Gun Transport Rules To Change With Concealed Carry Law

Uncased, Loaded Guns Can Be Carried On A Car Seat

MADISON, Wis. - Wisconsin's concealed carry law goes into effect Nov. 1, and it not only changes how guns are carried on a person, it also changes the way some guns can be transported.

Currently, handguns transported in a car must be in a case, unloaded and out of reach. Next week when the new law goes into effect, handguns can be loaded, outside of a case and on a car seat -- all without a permit.

"If you don't want to seek out a concealed carry permit, you'll still be allowed to carry a firearm, loaded, in plain view," said Dane County Sheriff Dave Mahoney.

The weapon cannot be hidden or concealed in any way if it's within reach. A person will still need a permit if they intend to carry a firearm on their body or keep it hidden in their car, authorities said. Previous laws required handguns to be cased and unloaded to transport them in a vehicle. Those rules do not change for long guns.

Mahoney said anyone with a gun in their car should alert police immediately if they are pulled over to avoid any possible conflict or miscommunication.

"Now that firearms will be permitted loaded in a vehicle, I expect it will be a learning curve for law enforcement, as well as the public," said Mahoney.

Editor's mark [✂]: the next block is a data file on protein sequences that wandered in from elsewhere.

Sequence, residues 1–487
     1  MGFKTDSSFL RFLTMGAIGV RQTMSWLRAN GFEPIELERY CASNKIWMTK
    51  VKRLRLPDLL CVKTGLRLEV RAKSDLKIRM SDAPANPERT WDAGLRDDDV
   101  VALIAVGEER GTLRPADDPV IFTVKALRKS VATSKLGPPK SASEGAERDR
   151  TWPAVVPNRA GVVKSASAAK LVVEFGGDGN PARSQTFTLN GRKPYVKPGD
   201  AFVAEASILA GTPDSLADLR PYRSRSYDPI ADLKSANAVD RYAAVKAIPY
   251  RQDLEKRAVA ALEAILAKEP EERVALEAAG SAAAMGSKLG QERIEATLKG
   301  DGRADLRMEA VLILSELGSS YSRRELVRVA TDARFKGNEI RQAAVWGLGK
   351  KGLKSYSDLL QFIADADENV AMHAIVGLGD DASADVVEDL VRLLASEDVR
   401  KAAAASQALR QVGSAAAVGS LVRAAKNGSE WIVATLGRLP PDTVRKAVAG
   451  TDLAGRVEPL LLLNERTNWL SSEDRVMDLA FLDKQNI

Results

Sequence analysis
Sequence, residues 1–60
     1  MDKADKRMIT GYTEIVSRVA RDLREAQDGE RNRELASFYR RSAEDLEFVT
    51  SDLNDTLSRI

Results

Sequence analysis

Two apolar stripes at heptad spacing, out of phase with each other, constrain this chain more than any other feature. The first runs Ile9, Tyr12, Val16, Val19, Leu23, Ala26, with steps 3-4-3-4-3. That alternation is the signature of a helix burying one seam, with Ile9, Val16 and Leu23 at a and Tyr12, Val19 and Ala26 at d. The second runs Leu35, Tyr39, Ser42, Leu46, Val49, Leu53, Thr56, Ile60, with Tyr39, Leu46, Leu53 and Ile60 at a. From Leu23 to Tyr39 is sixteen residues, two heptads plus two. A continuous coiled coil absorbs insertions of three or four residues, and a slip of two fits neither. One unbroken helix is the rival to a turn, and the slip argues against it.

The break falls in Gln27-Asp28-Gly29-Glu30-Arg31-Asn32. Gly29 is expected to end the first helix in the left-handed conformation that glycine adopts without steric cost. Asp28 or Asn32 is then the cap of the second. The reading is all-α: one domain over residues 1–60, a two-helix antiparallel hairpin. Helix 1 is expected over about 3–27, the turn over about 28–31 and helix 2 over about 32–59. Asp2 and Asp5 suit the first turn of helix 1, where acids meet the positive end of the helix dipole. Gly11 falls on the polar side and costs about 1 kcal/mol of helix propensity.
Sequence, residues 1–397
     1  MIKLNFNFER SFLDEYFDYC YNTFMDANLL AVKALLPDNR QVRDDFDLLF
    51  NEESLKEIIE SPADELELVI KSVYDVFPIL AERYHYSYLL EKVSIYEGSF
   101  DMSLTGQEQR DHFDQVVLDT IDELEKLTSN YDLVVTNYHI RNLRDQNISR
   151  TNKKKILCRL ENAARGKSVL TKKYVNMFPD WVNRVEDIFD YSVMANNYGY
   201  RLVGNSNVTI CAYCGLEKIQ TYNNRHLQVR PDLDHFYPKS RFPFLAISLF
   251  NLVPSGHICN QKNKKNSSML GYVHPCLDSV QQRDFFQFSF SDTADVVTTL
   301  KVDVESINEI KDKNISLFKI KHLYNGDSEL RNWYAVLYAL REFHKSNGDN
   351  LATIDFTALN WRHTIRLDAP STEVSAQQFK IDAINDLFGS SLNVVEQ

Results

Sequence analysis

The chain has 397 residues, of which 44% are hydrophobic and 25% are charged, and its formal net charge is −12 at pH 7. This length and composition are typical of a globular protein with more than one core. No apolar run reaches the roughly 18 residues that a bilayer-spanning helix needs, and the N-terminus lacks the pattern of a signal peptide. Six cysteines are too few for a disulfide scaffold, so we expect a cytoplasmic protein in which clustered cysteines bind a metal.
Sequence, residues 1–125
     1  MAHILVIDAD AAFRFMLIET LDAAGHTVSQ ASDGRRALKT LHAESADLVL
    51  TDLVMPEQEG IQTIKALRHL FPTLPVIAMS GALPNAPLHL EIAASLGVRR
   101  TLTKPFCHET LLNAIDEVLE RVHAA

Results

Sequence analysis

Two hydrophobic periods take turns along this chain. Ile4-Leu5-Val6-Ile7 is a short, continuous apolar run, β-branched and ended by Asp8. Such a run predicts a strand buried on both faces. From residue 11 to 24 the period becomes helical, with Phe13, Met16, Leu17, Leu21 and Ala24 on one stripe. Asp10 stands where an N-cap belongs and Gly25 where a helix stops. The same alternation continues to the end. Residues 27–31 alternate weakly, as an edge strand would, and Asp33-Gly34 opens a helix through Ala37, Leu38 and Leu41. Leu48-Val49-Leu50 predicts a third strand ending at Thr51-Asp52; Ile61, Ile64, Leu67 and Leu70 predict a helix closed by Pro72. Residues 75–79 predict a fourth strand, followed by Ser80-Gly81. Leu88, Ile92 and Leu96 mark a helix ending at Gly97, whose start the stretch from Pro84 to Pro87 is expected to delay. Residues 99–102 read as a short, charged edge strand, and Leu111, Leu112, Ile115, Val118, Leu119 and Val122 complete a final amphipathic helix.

While the rules about carrying guns in a car have changed, they will not change on Madison Metro buses.

"We have a long-standing policy in place where weapons are not allowed on buses. And come Nov. 1, when the new law goes into effect, weapons will still not be allowed on buses," said Mike Rusch, of Metro Transit.

If anyone is caught carrying a firearm on a city bus, the driver will call police. Guns are also disallowed at bus shelters and transfer points.

"That's basically like any sort of policy we have on buses. If you're violating something, and you don't comply, we will refer that situation to the police department," said Rusch.

While the Sheriff's Department is unlikely to be the agency responding to calls from bus drivers, they said they're ready.

"My expectations are now that it's law, that we uphold the rights of individuals to carry a concealed weapon," said Mahoney.

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